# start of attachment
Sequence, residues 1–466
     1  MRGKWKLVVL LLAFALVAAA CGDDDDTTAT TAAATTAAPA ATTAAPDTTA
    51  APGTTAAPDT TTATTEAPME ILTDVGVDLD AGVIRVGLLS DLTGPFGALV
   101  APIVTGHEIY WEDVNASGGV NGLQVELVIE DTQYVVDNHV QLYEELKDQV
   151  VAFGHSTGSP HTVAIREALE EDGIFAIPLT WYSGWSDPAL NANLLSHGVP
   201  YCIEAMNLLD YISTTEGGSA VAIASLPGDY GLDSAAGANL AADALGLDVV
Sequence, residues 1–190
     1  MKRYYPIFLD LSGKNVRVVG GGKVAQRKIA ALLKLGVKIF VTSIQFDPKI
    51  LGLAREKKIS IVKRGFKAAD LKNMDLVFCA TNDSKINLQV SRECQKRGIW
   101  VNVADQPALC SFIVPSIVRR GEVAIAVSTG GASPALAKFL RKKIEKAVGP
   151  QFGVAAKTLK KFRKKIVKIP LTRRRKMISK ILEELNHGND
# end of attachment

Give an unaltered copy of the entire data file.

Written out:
Sequence, residues 1–466
     1  MRGKWKLVVL LLAFALVAAA CGDDDDTTAT TAAATTAAPA ATTAAPDTTA
    51  APGTTAAPDT TTATTEAPME ILTDVGVDLD AGVIRVGLLS DLTGPFGALV
   101  APIVTGHEIY WEDVNASGGV NGLQVELVIE DTQYVVDNHV QLYEELKDQV
   151  VAFGHSTGSP HTVAIREALE EDGIFAIPLT WYSGWSDPAL NANLLSHGVP
   201  YCIEAMNLLD YISTTEGGSA VAIASLPGDY GLDSAAGANL AADALGLDVV
Sequence, residues 1–190
     1  MKRYYPIFLD LSGKNVRVVG GGKVAQRKIA ALLKLGVKIF VTSIQFDPKI
    51  LGLAREKKIS IVKRGFKAAD LKNMDLVFCA TNDSKINLQV SRECQKRGIW
   101  VNVADQPALC SFIVPSIVRR GEVAIAVSTG GASPALAKFL RKKIEKAVGP
   151  QFGVAAKTLK KFRKKIVKIP LTRRRKMISK ILEELNHGND